Twelve cases of COVID-19 were reported in Columbia County from Sunday to Friday, according to data from the Oregon Health Authority (OHA).
Officials at the OHA are urging Oregonians to continue to modify their individual behaviors to limit the spread of the virus as case numbers have started to spike again across the state.
In a media briefing held Friday, OHA Director Patrick Allen said people need to rethink how they socialize, especially as we head into the holiday season.
“If you ordinarily have a big holiday gathering with lots of people, we’d like you to strongly reconsider whether that’s a good idea,” Allen said. Holiday gatherings that bring families and friends from multiple households and locations together indoors are “really risky behaviors,” he said.
State Health Officer Dean Sidelinger said he and his family recently made the decision to cancel their Thanksgiving travel plans and instead connect with family virtually on the day.
“We’ve all made sacrifices,” he said, and that indoor, maskless gatherings are where the OHA is seeing the most spread of the virus. “As our case counts rise, we continue to urge Oregonians to modify their behavior. This disease is very deadly and it takes effort from all of us to contain it.”
This also means that Halloween celebrations should be reimagined, and that trick-or-treating should be avoided, Allen said.
“A different holiday season and a different fall than we would like will change the trajectory,” Allen said.
He said people have to find ways to fall into a safe routine of socializing that does not include large gatherings, and people should not make exceptions to following health guidelines for social events, even if they don’t do it often.
“COVID-19 is going to be a part of our lives for the foreseeable future. We must find a way to safely socialize without putting friends and families at risk,” Allen said.
The OHA also released updated modeling projections on Friday, Oct. 16. The model looked at three scenarios: one where transmission continues at its current level, one where transmission increases by five percentage points, and one where transmission drops 10 percentage points.
In the first scenario, where transmission continues as it has been, it suggests daily reported cases would increase to 570. Currently, the OHA has been reporting 400-plus new cases per day. On Friday the OHA reported 418 new cases.
The second scenario, in which transmission increases, suggests new daily case counts would rise to 740 per day.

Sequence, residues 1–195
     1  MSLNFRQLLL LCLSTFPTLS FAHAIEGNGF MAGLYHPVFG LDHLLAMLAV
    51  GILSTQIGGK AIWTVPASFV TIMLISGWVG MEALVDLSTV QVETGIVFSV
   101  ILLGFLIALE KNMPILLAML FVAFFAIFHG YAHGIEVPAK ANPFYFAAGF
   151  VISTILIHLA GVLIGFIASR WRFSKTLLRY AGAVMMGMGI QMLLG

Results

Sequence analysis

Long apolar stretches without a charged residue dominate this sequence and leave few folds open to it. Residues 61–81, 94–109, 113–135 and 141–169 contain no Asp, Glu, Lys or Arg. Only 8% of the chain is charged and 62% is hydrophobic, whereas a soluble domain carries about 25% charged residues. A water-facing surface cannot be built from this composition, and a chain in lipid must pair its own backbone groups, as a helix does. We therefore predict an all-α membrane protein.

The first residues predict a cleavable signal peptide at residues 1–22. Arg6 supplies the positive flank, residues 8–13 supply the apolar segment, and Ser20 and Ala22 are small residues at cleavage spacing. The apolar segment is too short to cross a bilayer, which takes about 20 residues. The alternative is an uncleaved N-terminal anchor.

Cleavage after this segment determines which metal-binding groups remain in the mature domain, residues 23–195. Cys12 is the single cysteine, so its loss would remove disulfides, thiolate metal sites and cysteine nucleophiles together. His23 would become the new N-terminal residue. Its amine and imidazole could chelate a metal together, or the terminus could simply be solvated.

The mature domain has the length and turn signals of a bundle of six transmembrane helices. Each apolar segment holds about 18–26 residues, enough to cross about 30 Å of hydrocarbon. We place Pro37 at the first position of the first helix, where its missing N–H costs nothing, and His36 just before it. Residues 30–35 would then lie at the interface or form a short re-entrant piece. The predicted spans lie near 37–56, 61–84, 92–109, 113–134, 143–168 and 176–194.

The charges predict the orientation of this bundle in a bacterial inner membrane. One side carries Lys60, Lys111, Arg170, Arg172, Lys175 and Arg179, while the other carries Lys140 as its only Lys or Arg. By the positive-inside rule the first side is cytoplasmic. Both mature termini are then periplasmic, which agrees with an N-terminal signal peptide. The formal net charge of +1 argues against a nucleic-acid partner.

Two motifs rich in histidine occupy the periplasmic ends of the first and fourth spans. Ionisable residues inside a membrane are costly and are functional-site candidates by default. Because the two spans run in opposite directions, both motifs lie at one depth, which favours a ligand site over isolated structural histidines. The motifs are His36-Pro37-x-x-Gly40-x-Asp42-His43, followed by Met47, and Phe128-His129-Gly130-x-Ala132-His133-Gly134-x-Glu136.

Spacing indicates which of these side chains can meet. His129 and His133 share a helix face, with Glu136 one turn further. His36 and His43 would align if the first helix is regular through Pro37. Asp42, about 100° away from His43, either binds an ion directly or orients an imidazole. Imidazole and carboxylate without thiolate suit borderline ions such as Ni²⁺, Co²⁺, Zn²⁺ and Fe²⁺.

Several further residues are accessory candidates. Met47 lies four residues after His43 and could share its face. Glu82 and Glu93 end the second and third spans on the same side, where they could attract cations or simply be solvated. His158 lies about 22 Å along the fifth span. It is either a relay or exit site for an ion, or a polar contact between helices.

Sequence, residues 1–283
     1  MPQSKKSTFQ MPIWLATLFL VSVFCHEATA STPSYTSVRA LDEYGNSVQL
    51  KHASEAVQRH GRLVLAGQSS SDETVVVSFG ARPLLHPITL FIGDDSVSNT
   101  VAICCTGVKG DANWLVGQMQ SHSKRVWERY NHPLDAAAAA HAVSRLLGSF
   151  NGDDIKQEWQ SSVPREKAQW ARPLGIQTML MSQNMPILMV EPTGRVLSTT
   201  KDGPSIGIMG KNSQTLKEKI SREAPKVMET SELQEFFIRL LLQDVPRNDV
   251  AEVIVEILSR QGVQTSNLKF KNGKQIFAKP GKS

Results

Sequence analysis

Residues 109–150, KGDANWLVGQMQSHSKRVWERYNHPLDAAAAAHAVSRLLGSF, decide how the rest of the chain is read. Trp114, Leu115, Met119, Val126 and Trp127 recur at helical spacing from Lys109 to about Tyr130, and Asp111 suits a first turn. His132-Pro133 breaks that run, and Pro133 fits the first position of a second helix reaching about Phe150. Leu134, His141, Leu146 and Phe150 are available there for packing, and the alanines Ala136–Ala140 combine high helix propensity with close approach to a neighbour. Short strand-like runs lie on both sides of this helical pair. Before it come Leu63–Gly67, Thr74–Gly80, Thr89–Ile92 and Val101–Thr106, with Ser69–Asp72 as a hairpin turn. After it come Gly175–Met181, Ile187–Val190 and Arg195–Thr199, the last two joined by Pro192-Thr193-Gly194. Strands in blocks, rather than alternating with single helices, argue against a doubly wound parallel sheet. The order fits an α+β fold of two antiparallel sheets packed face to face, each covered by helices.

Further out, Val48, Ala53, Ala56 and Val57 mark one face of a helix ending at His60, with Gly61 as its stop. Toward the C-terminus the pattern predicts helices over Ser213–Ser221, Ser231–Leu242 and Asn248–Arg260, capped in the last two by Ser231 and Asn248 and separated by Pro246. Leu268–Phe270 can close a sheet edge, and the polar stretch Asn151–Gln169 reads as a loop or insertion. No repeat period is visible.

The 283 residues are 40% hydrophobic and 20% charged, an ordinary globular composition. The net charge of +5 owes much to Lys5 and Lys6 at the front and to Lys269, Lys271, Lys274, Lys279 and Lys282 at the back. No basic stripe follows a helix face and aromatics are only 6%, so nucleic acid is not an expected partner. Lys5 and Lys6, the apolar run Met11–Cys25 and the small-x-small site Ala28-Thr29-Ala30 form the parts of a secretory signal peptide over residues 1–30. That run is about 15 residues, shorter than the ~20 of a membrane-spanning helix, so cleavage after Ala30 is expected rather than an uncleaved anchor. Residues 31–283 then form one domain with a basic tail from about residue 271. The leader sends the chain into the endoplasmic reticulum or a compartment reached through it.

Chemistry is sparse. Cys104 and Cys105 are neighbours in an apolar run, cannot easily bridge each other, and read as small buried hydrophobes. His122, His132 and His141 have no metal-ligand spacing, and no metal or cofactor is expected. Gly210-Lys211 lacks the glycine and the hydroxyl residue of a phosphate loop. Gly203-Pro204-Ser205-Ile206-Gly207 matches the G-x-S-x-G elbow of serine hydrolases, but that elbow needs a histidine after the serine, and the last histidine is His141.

The third scenario, in which transmission decreases, suggests daily case counts would drop to 290, which is around the number of cases reported by the state in August.
“New modeling suggests we have a long way to go to stopping the spread,” Sidelinger said.
Last week’s totals set a new high for the pandemic, Allen said. A record daily total of 484 cases were reported on Thursday, Oct. 8. The rate of positive testing is at its highest point and hospitalizations are the highest they have been since mid-July.
“Social gatherings continue to be a forceful driver of the surge,” he said.
Reducing the spread of the flu is also critical this year, Allen said, and everyone should get a flu vaccine early this year.
National data suggests the mortality rate from people who have contracted COVID-19 is at least 20 times higher than the rate of those with the flu, Sidelinger said. By getting a flu shot and reducing the spread of the flu, people also help to reserve hospital beds for those with COVID-19.
“We have yet to learn the full longterm effects of COVID-19,” Sidelinger said. “We can protect ourselves from dying from the flu with a vaccine, that’s not yet true with COVID-19.”
Sidelinger also dispelled flu-related rumors he had come across online: flu shots will not cause people to test positive for COVID-19; there is no risk of getting COVID-19 from a flu shot; and there is no evidence that the flu shot could cause people to be more susceptible to COVID-19, he said.
Though both cause respiratory illnesses and share some symptoms, they are very different diseases, Sidelinger said.
Follow daily pandemic updates here online with in-depth reports in the Wednesday print editions of The Chronicle.